Not since former Fox chairman Kevin Reilly proclaimed in 2014 that the network was abandoning pilot season has there been so much interest in Fox’s pilot and series pickup decisions, in light of the broadcast net’s pending separation from its top supplier, 20th Century Fox TV, as part of the proposed Disney-Fox deal.
“It is going to be a regular pilot season,” Fox Entertainment president Michael Thorn told Deadline, echoing the comments made by his bosses, Fox chairmen Dana Walden and Gary Newman, on the TCA stage earlier today. “We have already started to discuss a couple of scripts.”
One of them is a multi-camera family comedy written by It’s Always Sunny in Philadelphia’s Rob McElhenney and Rob Rosell. The project from 20th TV already has hired a casting director, and a search is underway for an actress to play the lead female character. “There is no offer yet, but I expect to have one very soon so we get a jump on casting,” Thorn said.
The Rosell/McElhenny comedy was bought as a pitch with a big pilot production commitment and had been expected to go to pilot. It would be Fox’s second multi-camera comedy pilot, along with Cool Kids, which has been shot and is expected to be delivered next week. Both hail from Sunny’s Charlie Day, McElhenney and Glenn Howerton.
“There is another multi-camera project we are really passionate about, it’s from Jerrod Carmichael and starring Lil Rel Howrey,” Thorn said. Written/executive produced by Josh Rabinowitz & Kevin Barnett and Howrey, the untitled comedy centers on Lil Rel, a prideful, self-made success who tries to rebuild his life post-divorce as a long-distance single father.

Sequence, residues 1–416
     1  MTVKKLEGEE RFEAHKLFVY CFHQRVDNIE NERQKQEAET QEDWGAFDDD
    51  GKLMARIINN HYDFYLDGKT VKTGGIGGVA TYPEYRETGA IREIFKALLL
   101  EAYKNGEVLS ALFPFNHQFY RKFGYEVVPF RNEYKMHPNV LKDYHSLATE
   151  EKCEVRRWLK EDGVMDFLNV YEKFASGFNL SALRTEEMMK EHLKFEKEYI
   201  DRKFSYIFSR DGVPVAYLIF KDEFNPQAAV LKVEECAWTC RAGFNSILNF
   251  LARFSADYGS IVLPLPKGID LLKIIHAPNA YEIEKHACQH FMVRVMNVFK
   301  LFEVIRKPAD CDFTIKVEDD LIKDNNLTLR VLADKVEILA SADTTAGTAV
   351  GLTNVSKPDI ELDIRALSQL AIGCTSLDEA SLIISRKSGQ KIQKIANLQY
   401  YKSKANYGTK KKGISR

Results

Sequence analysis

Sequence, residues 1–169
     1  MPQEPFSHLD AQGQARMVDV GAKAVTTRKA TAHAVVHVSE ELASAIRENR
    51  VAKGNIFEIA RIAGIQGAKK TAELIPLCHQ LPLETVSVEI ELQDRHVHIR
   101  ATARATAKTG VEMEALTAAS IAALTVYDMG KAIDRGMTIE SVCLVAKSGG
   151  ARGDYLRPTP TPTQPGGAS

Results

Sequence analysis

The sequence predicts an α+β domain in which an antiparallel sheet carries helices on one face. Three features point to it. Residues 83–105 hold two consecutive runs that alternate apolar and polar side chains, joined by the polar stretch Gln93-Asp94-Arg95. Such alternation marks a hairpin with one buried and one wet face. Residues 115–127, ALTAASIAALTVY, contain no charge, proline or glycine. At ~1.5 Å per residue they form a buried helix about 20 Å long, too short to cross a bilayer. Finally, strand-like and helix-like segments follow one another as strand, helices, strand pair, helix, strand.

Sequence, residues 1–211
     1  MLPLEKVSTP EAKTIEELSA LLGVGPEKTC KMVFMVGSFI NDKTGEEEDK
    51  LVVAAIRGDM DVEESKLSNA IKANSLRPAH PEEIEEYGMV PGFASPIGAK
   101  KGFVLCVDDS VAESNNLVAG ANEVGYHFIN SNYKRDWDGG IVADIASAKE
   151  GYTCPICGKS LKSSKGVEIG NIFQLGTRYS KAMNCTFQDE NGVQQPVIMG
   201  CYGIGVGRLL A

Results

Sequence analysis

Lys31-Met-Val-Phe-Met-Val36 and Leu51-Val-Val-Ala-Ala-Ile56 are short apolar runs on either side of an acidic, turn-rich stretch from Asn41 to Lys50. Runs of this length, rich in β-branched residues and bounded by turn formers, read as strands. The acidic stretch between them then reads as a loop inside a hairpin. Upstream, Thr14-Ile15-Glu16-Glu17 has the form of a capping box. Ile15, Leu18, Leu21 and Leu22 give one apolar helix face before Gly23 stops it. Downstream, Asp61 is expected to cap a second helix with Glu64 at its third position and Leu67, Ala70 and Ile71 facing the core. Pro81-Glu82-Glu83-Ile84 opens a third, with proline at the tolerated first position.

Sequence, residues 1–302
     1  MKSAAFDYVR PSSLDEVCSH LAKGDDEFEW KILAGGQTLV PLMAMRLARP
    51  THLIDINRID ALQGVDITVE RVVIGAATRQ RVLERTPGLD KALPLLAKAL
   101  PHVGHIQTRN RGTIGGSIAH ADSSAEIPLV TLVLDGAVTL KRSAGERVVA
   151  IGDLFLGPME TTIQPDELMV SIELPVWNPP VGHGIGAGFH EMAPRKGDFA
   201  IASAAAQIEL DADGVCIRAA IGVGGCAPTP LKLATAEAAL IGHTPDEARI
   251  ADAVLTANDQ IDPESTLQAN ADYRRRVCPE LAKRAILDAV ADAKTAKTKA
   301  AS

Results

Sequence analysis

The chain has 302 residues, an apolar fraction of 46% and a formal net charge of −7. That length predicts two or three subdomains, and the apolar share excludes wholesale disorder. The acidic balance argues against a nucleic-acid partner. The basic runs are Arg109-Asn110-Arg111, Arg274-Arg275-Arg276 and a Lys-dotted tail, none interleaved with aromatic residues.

Multi-camera comedies are a priority for Fox, which abandoned the multi-cam space a couple of years ago. “I believe in them, we all believe in them, and to find one that has a signature Fox bold character at the center would be great,” Thorn said.
Fox is expected to pick up the same number of pilots as last year — about six comedies and six dramas, not including off-cycle fantasy drama pilot Passage, which is eyeing reshoots.
“It’s business as usual,” Thorn said, repeating a line Walden and Newman used multiple times doing Fox’s executive session when asked about the impact of the pending Disney acquisition of Fox assets, including 20th TV.
Because selling started very late this season, Thorn expects pilot orders to be done at the end of January. The bulk of Fox’s development is from sister studio 20th TV, and that should carry over to the network’s pilots, Thorn said, despite the fact that the network and studio are headed for separation once the Disney deal is completed. There are also a few outside projects Fox brass have been high on, including dramas from Warner Bros. TV, Sony TV and Universal TV.
Ownership won’t play a role in the pilot pickup decisions, Thorn said. “We are going to go for the best comedies and best dramas,” he said.